Secondly, he was furious that his trump card had not swayed the vote and he had to blame someone. First off was the commercial farmers. He thought that they had mobilized for a No vote because of Clause 16. The only thing that the farmers did, by and large, was to enthusiastically provide transport for their labour as this was an exiting and national event. They were generally ignorant of the provisions of the draft constitution as the vast majority had not read it, unlike their labourers and rural neighbours, and not in a position to advise anyone how to vote. Within days the land invasions started. Just for clarity sake – the war veterans could not have mobilised so quickly and with the police giving them impunity if the invasions were solely because they felt that the rejection of the Constitution would deny them access to land, it could only have been sparked off and orchestrated by the highest office in the land, President Mugabe. Why? Simply because he needed to punish someone for the rejection he felt.
His third big mistake was to let Jonathan Moyo blame the MDC. If anyone effectively promoted the NO vote it was the NCA, not the MDC, which was still almost unheard of. By hammering away at the MDC, Moyo uplifted the party to a significant force and positioned it to replace ZANU(PF) and Mugabe. The MDC could never have afforded the advertising that Moyo gave them. Then, and even now, I wondered if the learned professor was actually trying to promote regime change by alienating the electorate from ZANU(PF). He played a leading role in the crafting and promotion of the draft constitution, the electorate hated the clamp down on newspapers and the relentless ZANU(PF) propaganda on ZBC and ZTV. They wanted entertainment and love to read anything and everything – witness the number of satellite dishes even at police stations. By denying the electorate entertaining media he seriously alienated the electorate across the country.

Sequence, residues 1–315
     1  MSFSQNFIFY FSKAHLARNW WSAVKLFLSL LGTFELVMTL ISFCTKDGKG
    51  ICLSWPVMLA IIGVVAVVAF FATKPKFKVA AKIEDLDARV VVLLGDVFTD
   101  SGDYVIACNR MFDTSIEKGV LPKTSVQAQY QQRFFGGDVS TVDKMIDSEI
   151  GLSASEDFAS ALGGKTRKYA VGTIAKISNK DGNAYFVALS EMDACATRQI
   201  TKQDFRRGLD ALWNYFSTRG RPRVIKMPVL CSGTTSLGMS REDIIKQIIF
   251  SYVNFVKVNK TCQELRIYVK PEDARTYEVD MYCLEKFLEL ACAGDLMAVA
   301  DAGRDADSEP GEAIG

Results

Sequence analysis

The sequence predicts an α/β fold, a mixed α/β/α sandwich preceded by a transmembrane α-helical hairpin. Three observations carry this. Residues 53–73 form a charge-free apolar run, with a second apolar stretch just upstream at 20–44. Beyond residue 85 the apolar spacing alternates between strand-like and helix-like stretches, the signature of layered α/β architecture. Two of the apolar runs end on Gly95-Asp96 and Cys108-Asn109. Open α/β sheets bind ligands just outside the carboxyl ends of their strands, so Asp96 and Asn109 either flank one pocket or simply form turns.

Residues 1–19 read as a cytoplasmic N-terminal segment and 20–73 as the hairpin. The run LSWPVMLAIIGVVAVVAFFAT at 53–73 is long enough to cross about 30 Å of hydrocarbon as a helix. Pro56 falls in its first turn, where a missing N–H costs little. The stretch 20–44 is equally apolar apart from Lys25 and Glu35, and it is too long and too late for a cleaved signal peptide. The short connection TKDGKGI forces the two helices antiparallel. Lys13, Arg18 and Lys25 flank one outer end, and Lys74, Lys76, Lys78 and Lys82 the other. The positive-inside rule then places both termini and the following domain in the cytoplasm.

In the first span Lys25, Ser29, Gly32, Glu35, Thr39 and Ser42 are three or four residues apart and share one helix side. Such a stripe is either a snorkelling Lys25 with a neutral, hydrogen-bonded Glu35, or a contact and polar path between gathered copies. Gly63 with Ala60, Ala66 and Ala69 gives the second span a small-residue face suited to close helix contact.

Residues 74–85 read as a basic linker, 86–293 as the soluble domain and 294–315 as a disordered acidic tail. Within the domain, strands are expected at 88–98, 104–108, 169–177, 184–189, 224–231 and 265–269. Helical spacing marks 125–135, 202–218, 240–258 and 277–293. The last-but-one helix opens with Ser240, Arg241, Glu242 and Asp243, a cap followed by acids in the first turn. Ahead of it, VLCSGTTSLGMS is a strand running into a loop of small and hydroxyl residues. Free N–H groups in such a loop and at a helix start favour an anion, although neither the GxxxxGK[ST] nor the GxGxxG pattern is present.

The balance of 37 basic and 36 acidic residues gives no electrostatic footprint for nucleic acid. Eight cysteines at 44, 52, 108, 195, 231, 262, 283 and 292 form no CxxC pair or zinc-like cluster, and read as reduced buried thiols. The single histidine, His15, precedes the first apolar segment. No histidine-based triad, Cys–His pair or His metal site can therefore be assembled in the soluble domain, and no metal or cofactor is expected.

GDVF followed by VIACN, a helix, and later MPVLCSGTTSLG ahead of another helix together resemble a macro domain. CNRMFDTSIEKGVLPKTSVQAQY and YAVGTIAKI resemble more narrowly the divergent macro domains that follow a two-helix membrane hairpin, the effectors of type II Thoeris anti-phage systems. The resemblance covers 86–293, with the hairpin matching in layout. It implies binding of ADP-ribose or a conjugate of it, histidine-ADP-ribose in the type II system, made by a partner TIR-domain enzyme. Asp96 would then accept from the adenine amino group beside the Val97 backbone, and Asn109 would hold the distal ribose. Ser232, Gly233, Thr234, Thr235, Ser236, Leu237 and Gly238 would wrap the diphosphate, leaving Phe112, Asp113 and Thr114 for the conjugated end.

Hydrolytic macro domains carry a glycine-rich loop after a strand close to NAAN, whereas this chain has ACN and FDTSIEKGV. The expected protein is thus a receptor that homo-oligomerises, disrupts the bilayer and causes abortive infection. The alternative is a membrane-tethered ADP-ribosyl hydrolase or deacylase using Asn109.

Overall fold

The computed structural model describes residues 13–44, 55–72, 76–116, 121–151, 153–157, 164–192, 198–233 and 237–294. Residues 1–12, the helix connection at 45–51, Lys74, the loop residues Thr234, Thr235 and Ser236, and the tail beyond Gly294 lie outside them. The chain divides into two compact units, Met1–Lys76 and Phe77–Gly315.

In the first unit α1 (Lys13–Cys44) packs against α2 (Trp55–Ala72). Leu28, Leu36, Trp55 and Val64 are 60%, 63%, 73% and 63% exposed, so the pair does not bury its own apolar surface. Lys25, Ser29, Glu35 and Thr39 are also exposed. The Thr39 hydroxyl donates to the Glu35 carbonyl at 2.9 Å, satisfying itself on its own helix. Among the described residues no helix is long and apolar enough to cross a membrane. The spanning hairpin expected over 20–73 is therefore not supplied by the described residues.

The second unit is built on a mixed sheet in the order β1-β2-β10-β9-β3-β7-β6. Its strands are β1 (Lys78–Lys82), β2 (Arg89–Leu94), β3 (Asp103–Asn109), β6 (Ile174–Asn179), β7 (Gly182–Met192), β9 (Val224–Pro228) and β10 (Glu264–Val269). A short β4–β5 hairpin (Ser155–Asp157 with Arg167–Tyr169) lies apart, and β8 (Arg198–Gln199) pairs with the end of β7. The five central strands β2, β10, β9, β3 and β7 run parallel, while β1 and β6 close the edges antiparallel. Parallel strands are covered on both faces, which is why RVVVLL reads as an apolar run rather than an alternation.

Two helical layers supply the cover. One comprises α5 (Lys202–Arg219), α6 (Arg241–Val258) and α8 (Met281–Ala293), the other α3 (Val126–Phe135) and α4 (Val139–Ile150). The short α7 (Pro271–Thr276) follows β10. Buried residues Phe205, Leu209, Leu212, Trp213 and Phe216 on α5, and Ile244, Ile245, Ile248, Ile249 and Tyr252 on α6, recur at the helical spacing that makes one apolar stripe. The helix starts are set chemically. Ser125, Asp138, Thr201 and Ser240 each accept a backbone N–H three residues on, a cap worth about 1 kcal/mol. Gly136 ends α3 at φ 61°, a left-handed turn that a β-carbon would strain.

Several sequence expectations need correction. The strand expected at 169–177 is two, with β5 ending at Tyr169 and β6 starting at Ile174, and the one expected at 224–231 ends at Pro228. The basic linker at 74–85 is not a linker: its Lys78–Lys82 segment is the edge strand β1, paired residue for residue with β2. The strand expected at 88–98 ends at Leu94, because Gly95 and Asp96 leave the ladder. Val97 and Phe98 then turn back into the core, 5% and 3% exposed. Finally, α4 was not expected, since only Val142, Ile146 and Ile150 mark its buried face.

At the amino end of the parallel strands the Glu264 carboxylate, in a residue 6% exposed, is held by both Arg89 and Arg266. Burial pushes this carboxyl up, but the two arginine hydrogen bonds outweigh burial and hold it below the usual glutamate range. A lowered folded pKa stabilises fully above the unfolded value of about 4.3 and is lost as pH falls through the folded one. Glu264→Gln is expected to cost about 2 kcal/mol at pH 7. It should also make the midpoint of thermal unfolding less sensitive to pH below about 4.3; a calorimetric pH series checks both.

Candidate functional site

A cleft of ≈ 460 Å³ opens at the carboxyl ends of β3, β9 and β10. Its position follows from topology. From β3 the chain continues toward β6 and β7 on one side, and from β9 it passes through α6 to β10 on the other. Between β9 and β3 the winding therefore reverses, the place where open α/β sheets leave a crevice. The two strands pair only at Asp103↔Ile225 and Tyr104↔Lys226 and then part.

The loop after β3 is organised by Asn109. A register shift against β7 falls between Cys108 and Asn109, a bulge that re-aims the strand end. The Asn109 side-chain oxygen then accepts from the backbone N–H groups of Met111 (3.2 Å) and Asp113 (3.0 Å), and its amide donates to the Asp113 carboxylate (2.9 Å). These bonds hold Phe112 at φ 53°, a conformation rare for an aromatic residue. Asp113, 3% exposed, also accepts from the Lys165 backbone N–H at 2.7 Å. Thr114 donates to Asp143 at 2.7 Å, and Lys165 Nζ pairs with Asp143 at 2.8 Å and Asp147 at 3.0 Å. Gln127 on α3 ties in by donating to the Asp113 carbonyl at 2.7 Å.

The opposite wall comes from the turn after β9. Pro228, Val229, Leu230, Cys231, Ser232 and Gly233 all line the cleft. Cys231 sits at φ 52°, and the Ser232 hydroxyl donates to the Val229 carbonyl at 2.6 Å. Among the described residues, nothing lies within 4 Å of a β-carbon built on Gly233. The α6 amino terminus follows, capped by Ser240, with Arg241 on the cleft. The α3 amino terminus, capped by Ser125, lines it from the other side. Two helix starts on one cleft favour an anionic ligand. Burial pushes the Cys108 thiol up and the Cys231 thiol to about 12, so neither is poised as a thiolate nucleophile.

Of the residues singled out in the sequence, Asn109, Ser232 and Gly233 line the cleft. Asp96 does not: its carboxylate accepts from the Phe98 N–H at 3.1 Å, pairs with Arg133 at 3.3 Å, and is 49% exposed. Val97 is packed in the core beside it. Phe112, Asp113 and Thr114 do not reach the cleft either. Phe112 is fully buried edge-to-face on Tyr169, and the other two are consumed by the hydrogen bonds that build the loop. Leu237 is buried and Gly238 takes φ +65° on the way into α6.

Another big mistake was to assume that the commercial farm employees are mostly foreigners and of no major political influence. Whilst many may be of foreign decent, by marriage, most are mixed into the Shona lineage too. By punishing the commercial farmers their labourers were caught in the cross fire and he alienated many of his previously loyal Shona support. The commercial farmers adjoining communal areas, too, provided casual labour allowing the rural farmers to earn money for their cropping inputs. This avenue of financing cropping dried up and has contributed greatly to the general poverty we now see in the rural areas. In Guruve North one farmer employed 1 000 casuals and this must have represented almost every household in the neighbouring communal Negomo area. Another farmer provided the same for Bakasa and I covered Kachuta. Basically 3 farmers providing inputs for 3 communal areas! Of course other farmers in the area to a lesser extent also provided employment to casual and permanent labour from these same communal lands.
In summary, the net effect of these mistakes was to promote the MDC into a formidable force, to force the commercial farmers and the white community in general to financially and logistically support the MDC in order to return sanity to the farming areas and economy, to allow the electorate to think that true democracy had arrived and they could support opposition to ZANU(PF) rule, and to generally alienate the electorate from ZANU(PF). Mugabe lost all respect he had hitherto enjoyed and his continued rule could only be through violence and coercion.